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can you talk a little bit about what brought you to it. obviously the schoolyard had something to do with it, but then what was the process like? >> my second book some of you may know it's a nonfiction book about the 2,013th school 2013 ss in chicago that is the largest mass public school closure in the history of the united states, and in writing that book i started, i realized in order to talk about segregation in 2013 i had to talk about a century earlier and end up pretty central to one of the chapters. i started reading this report and it was so fascinating to me for a number of reasons. number one, because it captured this period of black life in chicago atic a time when black history is very short.
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even though it was a government report it had all these lines i found to be poetic or paradoxical and i wanted to be in conversation with them and have a chance to dive into them more into the other reason is because i knew very little about this period of history may be like many of you do read some are probably got in my u.s. history textbook in high school i realized often our discussions about history people know about slavery and people know about the civil rights movement and in between, black people are just doing stuff. i realized how little i knew about th the events of the morei studied it and became that the racial boundaries and social realities of 2019 or in many ways traceable to this thing that happened 100 years ago and
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i wanted to understand if more e and was curious about why i didn't knoww more about it. kindnd of a recurring thread iny work is what history gets told and which ones don't and by. i have 4 degrees. i care a lot about race. in chicago i read books and write them. i care a lot and i realized every time i talk to people about the project they would say i'm embarrassed to say i don't know much about that so i wanted to create it as an accessiblele entry point about the period in history we should talk about a lot more. >> when you talk about the history on this and the impact of note being taught, not something that we hear about, your book looks at this from three points b of view before, during and after and you kind of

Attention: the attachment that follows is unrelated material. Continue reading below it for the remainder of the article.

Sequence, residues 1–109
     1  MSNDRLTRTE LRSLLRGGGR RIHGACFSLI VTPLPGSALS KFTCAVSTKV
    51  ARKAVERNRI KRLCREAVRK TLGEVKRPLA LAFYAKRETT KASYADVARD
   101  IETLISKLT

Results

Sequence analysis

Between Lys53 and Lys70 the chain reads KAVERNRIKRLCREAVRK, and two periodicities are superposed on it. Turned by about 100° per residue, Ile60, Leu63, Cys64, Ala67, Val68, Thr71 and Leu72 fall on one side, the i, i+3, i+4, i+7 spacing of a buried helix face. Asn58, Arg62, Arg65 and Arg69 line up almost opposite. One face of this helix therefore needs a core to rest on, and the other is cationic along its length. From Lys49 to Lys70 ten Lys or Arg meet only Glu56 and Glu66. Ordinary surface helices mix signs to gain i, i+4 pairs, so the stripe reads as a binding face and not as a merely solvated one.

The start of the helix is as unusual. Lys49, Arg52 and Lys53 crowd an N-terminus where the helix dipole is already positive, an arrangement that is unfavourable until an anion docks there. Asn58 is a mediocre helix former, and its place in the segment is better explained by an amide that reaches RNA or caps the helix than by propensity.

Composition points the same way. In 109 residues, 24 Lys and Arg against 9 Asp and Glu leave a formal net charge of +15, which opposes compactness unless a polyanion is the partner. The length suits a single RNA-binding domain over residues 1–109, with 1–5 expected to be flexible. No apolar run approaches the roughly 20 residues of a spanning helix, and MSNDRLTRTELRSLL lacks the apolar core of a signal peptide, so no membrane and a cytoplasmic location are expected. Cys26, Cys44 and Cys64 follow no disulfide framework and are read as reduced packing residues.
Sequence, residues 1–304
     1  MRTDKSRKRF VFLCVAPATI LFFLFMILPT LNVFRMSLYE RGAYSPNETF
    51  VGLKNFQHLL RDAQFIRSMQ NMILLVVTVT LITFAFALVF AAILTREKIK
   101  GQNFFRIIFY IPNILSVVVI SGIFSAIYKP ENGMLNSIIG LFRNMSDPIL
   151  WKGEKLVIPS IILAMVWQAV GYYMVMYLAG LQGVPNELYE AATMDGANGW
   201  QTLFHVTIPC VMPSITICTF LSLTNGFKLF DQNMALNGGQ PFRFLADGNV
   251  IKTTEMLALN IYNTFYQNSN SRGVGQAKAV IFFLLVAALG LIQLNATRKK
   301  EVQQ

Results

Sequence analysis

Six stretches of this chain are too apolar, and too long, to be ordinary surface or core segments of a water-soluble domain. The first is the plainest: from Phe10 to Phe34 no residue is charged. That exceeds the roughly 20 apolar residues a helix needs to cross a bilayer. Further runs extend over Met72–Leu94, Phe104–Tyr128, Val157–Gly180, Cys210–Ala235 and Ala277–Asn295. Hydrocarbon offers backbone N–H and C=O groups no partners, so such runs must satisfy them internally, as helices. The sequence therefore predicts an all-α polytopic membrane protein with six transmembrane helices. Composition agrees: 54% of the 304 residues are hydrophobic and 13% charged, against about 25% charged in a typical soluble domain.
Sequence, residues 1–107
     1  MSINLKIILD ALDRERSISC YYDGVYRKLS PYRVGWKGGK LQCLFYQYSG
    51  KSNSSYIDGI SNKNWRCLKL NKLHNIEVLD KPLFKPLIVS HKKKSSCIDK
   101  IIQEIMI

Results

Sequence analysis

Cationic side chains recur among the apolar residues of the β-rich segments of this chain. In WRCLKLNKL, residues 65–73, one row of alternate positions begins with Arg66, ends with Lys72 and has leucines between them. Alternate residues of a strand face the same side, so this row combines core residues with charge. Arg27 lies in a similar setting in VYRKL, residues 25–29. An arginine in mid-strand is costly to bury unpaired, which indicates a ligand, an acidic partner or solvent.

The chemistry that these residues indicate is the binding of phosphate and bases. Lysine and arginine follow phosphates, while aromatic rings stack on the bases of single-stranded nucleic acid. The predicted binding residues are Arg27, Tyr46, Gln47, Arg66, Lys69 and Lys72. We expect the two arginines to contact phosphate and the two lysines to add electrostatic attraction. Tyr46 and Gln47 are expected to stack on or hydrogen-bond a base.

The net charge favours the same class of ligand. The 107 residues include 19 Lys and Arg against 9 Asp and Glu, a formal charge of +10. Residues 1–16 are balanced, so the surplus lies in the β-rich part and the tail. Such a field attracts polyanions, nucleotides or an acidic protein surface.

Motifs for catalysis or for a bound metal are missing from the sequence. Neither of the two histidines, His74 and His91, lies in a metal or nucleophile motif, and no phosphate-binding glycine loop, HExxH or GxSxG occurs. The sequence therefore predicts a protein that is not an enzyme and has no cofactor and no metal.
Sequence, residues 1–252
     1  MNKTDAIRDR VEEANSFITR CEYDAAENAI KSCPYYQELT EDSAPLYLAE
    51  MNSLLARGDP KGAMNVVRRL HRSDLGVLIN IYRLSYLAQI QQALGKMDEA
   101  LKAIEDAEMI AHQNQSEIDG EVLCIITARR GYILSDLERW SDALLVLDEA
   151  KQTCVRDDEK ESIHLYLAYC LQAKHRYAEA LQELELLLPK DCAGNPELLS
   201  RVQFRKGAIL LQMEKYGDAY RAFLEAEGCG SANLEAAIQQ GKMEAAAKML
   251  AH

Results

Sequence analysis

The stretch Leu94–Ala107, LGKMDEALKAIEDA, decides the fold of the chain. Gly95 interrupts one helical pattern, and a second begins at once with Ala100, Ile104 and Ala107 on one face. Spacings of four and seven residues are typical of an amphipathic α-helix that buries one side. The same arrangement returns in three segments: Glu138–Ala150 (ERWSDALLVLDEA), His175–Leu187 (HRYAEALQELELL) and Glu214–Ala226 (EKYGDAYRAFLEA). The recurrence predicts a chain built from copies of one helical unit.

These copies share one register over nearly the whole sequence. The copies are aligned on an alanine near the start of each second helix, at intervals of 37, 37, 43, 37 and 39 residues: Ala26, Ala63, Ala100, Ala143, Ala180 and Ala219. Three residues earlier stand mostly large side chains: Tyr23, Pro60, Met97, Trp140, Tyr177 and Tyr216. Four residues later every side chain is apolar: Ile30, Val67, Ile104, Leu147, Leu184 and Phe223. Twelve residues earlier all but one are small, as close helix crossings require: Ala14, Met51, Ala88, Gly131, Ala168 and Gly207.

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go back and forth with others tying it back in different ways. can you talk about the process of putting it together? >> as you said the book has these three sections. before the event itself which is about the conditions of the tgreat migration, what it was like for people coming up to chicago for many folks in the this is the time i revead that i amg. telekinetic. [laughter] the period of what it was like for black people in chicago during this time perhaps folks toin the room. or great grandparents but it was like to arrive and then during it's about the sequence and so after, i am thinking about everything from nfl including the column i just read to 1968 and what happens after doctor martin luther king is
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assassinated and then probably most recently 1995 is about the heat wave that happened in chicago which over 700 people died which is the period that is similarly interesting because the only reason i know about that is because i remember it happening. and many of you in the room probably remember it happening. when i thought about it all these years later i thought 700 people dying in the summer over the intersection of natural disaster and human policy seems like something we ought to talk about more. it's almost like did i dream that this happened, and then probably thehe most recent so fr those of you that are not big poetry fans.
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thete data for the verdict i received an e-mail from the manager of my apartment building basically warning me about how to protect myself in the case of n massive civil unrest and they don't knoi don'tknow if you remy they commissioned buses full of pulleys and drove them around. the idea that hes was going toe a race riots and nobody says that phrase but the idea is they were going to be just in the streets if jason van dyke wasn't found guilty. so i received this bizarre e-mail that made a lot of weird assumptions about racing the boundaries and safety eugene